92 The Better Way. Heaven; but 2 Peter i, 11, declares an abundant entrance into the everlasting kingdom. The first man was " righteous ;" the second, according to the statement made in the fourth verse, had received a second grace ; for he, through certain gracious promises, became a partaker of the Divine nature, having escaped the corruption of the world through lust. The first was scarcely saved, the second character was abundantly saved. Is there a difference between " scarcely " and " abundantly?' J The writer wants an abundant entrance into glory. Who would not have it ? Especially since it is our privilege through Christ. L,et us hunt up the exceeding great and precious promises, where God says: "From all your filthiness and all your idols will I cleanse you ; and I will take the stony heart out of your flesh, and I will put my Spirit within you ;" " Tarry at Jerusalem until ye be endued with power from on high;" " For the promise is to you and your children, and to them that are afar off, and to as many as the Lord our God shall call ;" and lo ! He calls all of us to holiness. Thus shall we be prepared for abundant usefulness and for the abundant entrance into Heaven.
Abundant Entrance into Heaven. 93 Thus went into glory one of the orthern
Methodist preachers, who said exultantly with his dying breath: "I am sweeping through the gates." So swept in a sanctified preacher's wife of our acquaintance, who, when she was dying and told she would pass away in five minutes, looked up and said, "And this is death! Hallelujah !" and was gone. Somehow, if God wills, we would like to do our best preaching on the day of our death. We would like our dying bed to be a pulpit of fire ; its side to be an altar of salvation to others ; and the soul just tarrying to speak a few farewell words before springing up and away on its pathway beyond the stars. There are twelve gates to the city — three on the north, three on the south, three on the east, and three on the west. Somehow we would prefer to enter though the center gate on the sunny south side. And when we are gone, may it not be said of us that he was simply resigned to go, but he longed to depart and be with Christ ? Elijah was not " scarcely saved," but swept upward with an abundant entrance into glory. The same chariot and horses of fire are in Heaven.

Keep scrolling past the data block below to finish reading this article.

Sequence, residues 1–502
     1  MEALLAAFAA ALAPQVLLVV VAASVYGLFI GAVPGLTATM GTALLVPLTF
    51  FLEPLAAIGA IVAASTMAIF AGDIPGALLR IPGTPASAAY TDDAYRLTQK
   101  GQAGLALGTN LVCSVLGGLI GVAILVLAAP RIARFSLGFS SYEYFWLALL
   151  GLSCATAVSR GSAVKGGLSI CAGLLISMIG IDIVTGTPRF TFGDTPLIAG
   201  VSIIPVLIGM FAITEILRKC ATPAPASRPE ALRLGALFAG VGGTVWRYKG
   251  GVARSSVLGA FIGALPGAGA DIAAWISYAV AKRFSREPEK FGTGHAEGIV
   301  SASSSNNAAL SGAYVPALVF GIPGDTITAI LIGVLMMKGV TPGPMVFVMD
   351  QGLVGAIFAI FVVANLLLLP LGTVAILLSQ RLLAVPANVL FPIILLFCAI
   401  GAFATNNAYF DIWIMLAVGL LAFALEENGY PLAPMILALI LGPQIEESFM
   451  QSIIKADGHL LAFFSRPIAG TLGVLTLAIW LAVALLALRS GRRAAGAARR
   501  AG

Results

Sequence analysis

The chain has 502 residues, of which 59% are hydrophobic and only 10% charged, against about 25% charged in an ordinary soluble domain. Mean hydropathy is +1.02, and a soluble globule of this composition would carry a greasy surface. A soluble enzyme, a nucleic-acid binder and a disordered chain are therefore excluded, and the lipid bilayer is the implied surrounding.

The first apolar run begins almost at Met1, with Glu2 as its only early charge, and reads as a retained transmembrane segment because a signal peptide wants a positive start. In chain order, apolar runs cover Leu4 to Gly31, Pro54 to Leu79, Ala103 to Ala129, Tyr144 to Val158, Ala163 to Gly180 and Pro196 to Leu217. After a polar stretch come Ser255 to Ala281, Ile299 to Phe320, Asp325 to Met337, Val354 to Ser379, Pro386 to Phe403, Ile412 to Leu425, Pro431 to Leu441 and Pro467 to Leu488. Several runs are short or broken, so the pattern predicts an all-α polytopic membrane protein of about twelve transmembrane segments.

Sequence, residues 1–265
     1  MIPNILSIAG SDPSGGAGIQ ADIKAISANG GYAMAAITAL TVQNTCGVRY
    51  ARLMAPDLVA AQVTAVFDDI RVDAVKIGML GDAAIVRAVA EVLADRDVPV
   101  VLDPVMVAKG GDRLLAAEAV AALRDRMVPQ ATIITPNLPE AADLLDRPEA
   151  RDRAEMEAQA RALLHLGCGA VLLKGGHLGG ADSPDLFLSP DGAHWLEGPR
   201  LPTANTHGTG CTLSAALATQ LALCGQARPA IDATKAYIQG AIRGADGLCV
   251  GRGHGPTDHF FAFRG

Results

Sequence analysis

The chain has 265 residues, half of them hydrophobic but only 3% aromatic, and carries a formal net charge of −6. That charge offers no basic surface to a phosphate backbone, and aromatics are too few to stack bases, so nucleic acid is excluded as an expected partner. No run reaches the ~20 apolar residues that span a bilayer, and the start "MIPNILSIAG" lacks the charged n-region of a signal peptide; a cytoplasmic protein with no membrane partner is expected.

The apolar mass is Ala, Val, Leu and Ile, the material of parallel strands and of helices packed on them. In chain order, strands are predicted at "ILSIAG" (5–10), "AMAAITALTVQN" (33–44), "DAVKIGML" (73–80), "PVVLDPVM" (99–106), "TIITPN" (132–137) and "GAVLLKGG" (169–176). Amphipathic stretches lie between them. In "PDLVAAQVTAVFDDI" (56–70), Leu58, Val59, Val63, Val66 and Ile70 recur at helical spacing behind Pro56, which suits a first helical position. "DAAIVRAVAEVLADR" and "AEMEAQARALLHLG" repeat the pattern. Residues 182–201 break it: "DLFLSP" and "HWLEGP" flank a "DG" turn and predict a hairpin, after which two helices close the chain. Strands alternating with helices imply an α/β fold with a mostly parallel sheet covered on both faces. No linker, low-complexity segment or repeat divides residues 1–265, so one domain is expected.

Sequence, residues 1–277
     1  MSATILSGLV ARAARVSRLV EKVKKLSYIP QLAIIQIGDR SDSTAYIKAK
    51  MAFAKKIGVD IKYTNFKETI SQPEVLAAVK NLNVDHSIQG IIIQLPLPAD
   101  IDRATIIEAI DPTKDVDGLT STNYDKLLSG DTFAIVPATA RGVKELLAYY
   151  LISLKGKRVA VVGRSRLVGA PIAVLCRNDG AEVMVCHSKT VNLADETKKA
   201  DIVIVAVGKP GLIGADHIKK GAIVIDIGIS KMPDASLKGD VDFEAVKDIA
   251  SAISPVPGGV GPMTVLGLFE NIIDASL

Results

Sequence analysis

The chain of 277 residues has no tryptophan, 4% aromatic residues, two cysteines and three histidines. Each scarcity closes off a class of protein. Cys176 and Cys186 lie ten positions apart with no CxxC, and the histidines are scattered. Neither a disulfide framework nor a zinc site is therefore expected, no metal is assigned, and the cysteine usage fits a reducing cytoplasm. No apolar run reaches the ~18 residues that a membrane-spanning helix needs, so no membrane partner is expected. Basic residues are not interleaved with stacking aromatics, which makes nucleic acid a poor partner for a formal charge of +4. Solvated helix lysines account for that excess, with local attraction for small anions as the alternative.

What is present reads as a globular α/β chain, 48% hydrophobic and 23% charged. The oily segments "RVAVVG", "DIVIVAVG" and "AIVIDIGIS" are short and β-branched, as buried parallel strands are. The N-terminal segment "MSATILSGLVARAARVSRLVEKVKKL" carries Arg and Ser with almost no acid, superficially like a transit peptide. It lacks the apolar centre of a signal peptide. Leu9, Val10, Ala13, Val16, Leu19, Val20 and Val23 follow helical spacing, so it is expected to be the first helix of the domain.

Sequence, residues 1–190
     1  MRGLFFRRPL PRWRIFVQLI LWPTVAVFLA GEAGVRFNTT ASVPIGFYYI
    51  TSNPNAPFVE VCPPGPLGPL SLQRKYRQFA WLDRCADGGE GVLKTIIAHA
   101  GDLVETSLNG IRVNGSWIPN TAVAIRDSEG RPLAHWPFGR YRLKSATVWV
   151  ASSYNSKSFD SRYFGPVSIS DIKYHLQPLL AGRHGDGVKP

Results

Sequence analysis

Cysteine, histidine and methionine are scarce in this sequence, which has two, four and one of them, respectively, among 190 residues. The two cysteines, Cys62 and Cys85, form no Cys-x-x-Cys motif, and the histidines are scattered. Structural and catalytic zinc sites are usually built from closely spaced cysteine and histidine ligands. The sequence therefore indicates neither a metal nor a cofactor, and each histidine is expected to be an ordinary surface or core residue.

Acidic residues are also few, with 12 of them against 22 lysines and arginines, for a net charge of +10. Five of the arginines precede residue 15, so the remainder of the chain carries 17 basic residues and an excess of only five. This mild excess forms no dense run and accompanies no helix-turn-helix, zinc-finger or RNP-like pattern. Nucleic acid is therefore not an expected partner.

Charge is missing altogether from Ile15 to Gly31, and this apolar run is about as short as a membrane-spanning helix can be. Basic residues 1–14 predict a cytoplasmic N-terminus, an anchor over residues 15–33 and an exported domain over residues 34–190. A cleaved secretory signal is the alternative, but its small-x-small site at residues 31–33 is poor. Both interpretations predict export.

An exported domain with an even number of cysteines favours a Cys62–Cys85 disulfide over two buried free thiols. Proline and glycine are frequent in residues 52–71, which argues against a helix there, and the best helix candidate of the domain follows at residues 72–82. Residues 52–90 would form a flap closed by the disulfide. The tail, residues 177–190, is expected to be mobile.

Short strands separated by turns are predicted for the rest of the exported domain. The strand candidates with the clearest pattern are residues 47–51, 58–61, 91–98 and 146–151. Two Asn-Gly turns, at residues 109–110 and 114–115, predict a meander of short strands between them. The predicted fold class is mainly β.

94 The Better Way. May we live so that they will be sent for us, and as we float upward with trails of glory left in dying face and last speeches, may Elishas left behind catch up the falling glory, and so perpetuate the line of men who desire and shall have an abundant entrance into the everlasting kingdom!